One of the great contributors to anxiety and depression -- and potentially, to problems in our relationships -- is negative thinking. I see this frequently in clients who find the glass half empty, and such thinking tends to create additional problems in their functioning and coping.
A person who tends to be negative usually experiences cognitive distortions, irrational thought patterns that involve viewing the world unrealistically. They are thoughts that may feel very real to someone but are, in fact, not necessarily true. It's normal to experience an occasional cognitive distortion from time to time, but when these thought patterns are frequent and pervasive, problems in coping will arise. The following are examples of some common cognitive distortions.
- Personalizing: This occurs when we assume that events occur as consequences of our own behavior. For example, assuming that someone's irritability is because of something you've done is personalizing.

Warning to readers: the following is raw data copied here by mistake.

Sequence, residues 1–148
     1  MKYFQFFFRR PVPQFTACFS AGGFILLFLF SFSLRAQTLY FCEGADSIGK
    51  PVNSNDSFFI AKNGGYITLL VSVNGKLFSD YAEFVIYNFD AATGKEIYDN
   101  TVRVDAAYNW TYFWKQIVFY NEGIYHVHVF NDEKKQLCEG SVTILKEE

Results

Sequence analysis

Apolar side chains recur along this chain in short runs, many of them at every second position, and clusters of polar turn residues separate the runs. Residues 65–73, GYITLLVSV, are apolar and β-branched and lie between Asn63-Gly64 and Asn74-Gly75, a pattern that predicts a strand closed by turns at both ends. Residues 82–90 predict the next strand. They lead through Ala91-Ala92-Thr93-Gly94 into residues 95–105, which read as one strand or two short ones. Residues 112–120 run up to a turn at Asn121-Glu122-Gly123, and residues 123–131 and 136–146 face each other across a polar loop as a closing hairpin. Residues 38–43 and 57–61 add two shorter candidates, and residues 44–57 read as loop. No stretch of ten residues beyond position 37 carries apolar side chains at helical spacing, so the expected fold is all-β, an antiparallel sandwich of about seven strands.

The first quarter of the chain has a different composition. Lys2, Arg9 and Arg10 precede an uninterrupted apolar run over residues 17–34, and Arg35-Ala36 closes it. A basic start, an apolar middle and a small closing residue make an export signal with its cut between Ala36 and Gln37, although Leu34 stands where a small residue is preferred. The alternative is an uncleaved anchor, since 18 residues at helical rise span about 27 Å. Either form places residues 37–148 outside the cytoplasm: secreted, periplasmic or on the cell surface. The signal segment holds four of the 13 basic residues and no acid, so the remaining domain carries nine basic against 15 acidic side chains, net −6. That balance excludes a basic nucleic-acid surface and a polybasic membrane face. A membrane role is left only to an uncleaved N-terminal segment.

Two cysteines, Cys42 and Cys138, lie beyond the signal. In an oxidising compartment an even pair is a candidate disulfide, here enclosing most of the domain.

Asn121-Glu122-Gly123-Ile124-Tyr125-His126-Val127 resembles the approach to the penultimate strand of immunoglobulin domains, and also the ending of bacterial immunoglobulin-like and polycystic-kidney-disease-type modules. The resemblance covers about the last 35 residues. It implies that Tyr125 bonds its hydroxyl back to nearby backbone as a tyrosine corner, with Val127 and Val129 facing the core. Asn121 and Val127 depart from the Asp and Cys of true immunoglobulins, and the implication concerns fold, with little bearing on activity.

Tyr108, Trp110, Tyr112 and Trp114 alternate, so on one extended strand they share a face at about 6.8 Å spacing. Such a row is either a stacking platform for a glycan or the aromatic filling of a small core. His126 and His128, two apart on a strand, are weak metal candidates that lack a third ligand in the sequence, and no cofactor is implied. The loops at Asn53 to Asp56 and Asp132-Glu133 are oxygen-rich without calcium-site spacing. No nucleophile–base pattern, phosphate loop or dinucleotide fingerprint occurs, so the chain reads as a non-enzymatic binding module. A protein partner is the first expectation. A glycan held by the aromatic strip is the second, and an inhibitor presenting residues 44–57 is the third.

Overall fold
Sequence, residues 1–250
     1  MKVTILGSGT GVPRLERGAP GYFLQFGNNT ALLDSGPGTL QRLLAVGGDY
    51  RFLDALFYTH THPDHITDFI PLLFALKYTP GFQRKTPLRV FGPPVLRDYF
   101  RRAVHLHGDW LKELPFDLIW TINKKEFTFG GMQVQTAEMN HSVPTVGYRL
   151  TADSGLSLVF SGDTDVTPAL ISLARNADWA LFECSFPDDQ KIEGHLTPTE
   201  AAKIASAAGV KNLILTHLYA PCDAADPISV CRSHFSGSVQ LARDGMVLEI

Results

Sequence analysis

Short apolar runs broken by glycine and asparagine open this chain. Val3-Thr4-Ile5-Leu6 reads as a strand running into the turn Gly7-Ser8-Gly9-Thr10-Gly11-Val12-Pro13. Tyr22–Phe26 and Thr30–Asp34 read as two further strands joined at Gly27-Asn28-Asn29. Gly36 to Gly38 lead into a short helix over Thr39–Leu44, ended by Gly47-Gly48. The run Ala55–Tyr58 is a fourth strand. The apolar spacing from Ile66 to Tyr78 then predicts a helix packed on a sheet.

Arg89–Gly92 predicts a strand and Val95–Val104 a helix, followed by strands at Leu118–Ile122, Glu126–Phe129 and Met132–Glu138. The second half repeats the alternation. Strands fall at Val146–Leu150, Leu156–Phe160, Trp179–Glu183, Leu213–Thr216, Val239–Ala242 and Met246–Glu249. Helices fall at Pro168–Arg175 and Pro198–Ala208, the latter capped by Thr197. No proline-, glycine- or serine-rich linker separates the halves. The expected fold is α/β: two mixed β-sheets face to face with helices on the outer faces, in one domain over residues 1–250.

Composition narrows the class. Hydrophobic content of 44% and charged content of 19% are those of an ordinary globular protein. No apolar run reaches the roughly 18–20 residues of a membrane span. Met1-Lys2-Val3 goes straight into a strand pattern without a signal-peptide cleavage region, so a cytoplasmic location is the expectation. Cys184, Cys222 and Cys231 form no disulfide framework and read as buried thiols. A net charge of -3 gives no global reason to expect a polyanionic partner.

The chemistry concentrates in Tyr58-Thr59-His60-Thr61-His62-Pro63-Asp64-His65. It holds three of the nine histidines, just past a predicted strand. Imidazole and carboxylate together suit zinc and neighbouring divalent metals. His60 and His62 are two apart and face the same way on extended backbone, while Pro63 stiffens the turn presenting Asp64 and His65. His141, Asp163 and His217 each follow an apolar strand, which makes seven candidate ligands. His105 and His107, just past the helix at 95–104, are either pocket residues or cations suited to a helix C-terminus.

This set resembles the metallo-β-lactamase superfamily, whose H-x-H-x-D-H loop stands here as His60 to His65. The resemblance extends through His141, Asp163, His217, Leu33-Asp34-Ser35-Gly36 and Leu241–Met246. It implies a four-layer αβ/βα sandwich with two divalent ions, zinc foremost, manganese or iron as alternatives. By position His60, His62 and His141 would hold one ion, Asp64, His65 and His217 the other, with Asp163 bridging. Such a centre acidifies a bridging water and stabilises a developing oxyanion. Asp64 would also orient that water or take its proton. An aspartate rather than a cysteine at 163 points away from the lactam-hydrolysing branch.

- Blaming: If I tend to blame others for my difficulties, without taking any personal responsibility, I'm engaged in blaming. This is the opposite of personalization.
- Mindreading: When we think we know what someone else is thinking or what their motivations are, we're mindreading. It's impossible to know what another is thinking unless they tell us.
- Disqualifying the positive: Refusing to recognize positive events when they occur or minimizing them reinforces negative thinking.
- Magnifying and Minimizing: Viewing an event disproportionately to its realistic impact results in magnifying (or catastrophizing) or minimizing. Both are viewing an event in an unrealistic way.
- All-or-Nothing / Black-and-White Thinking: This is dichotomous reasoning that lacks any recognition of the "gray" areas that pervade life. Signs of this kind of thinking include using words like "always", "never", "good", and "bad".
These are just a few of the more common cognitive distortions. Therapy can help clients both identify the cognitive distortions they're utilizing and restructure their thinking in a more realistic, adaptive, and healthy way. When this restructuring occurs, clients often report an improved mood with fewer symptoms of anxiety and depression, and greater satisfaction in their relationships as they begin to view their interactions in a more positive, realistic light.
Remember, you cannot live a positive life with a negative mind.